Schizoid personality disorder: diagnosis

Schizoid personality disorder does not necessarily have to be treated. In particular, if the disorder is very pronounced, those affected see no reason to see a psychotherapist themselves.

Nevertheless, it is more common for schizoid personalities to seek psychotherapeutic help - for example because they have problems in their relationship. Conflicts in the relationship arise, for example, when the partner finds it difficult to deal with the distant, seemingly callous nature of the person concerned. But difficulties at work can also be an occasion for psychotherapy, because schizoid personalities often have problems integrating into a team. In addition, some struggle with depression or social anxiety.

An experienced psychotherapist usually succeeds in recognizing a schizoid personality disorder in the course of the therapeutic sessions. Not only the descriptions and behaviors of the patient give him important information - the information from people close to him, such as his or her partner, can also be helpful for him.

In addition, the psychotherapist can use various psychological tests. For example, a standardized structured interview (SKID): He asks questions on various topics. The patient's answers give him clues as to which personality traits are particularly pronounced and whether it could be a disorder. For a more detailed analysis, he then asks in-depth questions on specific subject areas.

Exclude other diseases

There are numerous mental illnesses that have characteristics similar to those of schizoid personality disorder. The psychotherapist must take this into account before making a diagnosis. A low-feeling, detached manner and social withdrawal can also be signs of Asperger's Syndrome, for example, which is one of the autism spectrum disorders. Another example is schizophrenia simplex: In this mild form of schizophrenia, the patients appear strange or "cranky" to outsiders, which can also occur with schizoid personality disorder. It must also be ruled out that the complaints / abnormalities have a physical cause - for example, brain damage. A medical examination may therefore be necessary.

Last but not least, people with schizoid personality disorder can also have characteristics of another personality disorder. For example, there is more overlap with paranoid personality disorder. People with paranoid personality disorder are overly suspicious of others and constantly expect to be attacked or threatened.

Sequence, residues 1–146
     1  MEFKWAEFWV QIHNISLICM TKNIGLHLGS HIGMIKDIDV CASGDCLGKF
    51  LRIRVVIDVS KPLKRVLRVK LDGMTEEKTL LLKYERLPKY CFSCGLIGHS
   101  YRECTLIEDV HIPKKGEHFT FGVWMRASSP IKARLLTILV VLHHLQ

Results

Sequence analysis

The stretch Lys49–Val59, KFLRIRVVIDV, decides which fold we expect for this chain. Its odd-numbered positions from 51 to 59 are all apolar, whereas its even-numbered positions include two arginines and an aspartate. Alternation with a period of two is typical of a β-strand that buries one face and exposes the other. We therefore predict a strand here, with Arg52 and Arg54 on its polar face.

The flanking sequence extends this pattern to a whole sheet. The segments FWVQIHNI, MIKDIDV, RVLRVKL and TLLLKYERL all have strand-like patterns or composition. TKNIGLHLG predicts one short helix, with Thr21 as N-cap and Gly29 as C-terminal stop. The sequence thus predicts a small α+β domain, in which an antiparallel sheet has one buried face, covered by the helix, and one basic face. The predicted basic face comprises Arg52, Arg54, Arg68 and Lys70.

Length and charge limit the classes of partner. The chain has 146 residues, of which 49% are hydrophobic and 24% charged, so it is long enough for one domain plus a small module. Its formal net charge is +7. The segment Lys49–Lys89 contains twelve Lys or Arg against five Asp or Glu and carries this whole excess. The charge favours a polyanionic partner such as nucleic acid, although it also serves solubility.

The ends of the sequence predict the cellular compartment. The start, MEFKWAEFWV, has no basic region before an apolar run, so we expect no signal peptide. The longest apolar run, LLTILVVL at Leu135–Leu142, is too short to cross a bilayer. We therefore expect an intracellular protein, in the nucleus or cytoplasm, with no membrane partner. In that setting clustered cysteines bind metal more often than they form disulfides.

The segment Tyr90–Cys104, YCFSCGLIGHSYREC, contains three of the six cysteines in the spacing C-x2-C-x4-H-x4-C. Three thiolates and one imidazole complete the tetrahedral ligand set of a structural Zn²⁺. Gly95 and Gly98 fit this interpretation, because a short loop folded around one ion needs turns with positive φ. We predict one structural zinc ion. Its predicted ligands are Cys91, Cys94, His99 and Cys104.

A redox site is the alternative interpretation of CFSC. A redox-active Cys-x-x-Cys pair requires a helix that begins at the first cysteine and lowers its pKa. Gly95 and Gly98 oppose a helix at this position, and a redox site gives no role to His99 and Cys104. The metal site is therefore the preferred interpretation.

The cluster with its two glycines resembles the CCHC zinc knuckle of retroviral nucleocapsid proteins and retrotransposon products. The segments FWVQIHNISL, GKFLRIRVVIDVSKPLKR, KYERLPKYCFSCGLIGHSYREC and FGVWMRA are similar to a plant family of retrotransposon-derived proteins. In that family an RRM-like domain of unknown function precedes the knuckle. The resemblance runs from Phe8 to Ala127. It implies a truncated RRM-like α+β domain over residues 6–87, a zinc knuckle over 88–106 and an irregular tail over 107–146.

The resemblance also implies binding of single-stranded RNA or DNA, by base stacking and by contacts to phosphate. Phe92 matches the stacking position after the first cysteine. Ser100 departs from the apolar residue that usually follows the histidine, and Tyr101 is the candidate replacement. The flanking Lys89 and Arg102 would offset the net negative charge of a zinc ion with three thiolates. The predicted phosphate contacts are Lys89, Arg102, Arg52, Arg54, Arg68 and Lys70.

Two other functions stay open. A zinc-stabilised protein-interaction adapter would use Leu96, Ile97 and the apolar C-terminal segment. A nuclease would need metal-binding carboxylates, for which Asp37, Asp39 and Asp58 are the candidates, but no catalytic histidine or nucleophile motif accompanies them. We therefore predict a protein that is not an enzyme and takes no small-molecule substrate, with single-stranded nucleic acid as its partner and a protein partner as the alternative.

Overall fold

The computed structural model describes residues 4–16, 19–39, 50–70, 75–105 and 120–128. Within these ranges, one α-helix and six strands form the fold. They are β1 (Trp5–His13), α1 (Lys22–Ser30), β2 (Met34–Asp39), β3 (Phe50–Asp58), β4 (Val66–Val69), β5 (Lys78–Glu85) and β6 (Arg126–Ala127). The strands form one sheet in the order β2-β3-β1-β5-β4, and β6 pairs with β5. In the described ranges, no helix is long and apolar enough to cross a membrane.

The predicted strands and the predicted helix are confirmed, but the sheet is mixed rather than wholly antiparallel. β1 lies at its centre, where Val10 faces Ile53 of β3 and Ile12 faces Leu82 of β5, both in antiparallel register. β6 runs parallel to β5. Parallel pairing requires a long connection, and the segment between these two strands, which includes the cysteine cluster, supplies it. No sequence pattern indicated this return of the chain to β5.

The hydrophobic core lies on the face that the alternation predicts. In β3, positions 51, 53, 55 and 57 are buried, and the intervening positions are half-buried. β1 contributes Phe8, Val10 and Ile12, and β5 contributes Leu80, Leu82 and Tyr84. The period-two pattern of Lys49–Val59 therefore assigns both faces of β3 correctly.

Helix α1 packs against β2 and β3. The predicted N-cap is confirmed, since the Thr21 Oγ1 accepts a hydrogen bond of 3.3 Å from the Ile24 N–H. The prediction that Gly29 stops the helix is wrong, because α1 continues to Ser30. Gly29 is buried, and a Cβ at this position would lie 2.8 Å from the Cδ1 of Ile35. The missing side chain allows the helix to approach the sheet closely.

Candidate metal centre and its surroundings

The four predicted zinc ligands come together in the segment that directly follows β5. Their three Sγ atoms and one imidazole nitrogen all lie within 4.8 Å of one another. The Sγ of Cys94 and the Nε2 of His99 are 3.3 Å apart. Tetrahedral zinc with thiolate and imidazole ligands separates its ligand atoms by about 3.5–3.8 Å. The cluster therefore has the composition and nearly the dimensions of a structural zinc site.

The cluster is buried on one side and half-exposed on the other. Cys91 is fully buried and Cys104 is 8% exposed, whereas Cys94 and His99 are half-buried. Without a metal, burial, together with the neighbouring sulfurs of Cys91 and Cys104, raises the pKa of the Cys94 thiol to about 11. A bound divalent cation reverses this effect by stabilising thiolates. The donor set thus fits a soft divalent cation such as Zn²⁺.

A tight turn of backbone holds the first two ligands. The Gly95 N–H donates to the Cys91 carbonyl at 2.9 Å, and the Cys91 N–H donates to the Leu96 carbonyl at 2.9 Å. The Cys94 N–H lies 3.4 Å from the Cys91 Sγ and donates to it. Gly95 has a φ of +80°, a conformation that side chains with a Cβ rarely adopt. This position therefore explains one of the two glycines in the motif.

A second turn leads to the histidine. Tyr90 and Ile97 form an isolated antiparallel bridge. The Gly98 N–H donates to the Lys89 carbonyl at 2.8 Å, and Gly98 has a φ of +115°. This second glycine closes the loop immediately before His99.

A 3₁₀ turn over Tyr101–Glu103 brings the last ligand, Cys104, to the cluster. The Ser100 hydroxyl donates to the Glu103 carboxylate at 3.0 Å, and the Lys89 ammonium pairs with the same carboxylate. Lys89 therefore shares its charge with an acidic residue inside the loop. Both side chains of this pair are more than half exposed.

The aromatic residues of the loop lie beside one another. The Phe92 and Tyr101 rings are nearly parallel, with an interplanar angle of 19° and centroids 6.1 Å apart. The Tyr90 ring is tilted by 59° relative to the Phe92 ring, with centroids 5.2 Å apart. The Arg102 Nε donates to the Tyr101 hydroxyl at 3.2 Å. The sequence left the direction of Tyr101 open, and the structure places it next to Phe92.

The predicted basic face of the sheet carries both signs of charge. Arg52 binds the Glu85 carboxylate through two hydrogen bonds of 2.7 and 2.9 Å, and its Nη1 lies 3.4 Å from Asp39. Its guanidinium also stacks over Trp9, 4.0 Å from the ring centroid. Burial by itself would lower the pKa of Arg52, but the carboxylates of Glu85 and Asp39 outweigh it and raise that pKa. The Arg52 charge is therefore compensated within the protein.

Schizoid personality disorder: therapy & course

The personality traits of a person are relatively stable and can therefore only be changed within certain limits. Therapy is not about "curing" a schizoid personality disorder. Rather, the patient should learn to interact better with other people and to make social contacts. It is important for these skills to be able to perceive and express one's own feelings better.

People with schizoid personality disorder have difficulty trusting and opening up to others. It is therefore of central importance for the success of the therapy whether the therapist succeeds in building a relationship of trust with the patient little by little.

Since schizoid personalities have few social contacts, they have little practice in dealing with other people. Therapy therefore also includes acquiring social skills.

Schizoid personality disorder: history

The strongly pronounced personality traits can further solidify in the course of life. The affected people then isolate themselves more and more from their social environment. They sometimes develop eccentric or bizarre-looking habits and are considered eccentric. Some people with schizoid personality disorder develop depression or anxiety, for example when they have to work closely with others in their job.

Schizoid personality disorder: case study

An anonymized case study from practice, made available by our expert Dr. Bernhard Riecke:

A university professor is admitted with the suspicion of a planned suicide attempt. He was standing at a high bridge and had the ambulance service bring him to the clinic without any problems.

At the first interview he seems a bit perplexed, but not suicidal. He explains his prolonged stay at the bridge with the fact that he has achieved what was expected of him in his life and that he now wants to make room for a more suitable partner for his cheerful wife.

His wife, a cheerful person who has known her husband since the "sandbox era", is dismayed and stresses that she has not noticed any changes in him. As always, he would have meticulously prepared his lectures and given them with a very positive response (which he denied) In retrospect, she could only see that he had recently withdrawn a little more to read in peace and quiet.

After four years of "trying" she was finally pregnant, but was waiting for a suitable moment to convey the good news to him. But actually there was no special moment for him. You never know if he's happy. In the many years together he would have always proven through his actions that he was very fond of her and would do anything for her, but he would never have said it. She knows that he has deep feelings, but "deep inside" and not recognizable to others.

Senf, W., et al .: Practice of Psychotherapy. Thieme, Stuttgart 2020

Personality disorders. Online information from neurologists and psychiatrists on the Internet: (accessed: April 29, 2020)

Payk, T., Brüne, M .: Checklist psychiatry and psychotherapy. Thieme, Stuttgart 2017

Möller, H., et al .: Dual Series Psychiatry, Psychosomatics and Psychotherapy. Thieme, Stuttgart 2015

Sachse, R: Clarification-oriented behavior therapy for schizoid personality disorder (PDF). Institute for Psychological Psychotherapy, online publication (March 2014)

additional Information

ICD-10 Diagnostic Key:

You can find the appropriate ICD-10 code for "Schizoid Personality Disorder" here:

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Last content check:06.05.2020
Last change: 11.11.2020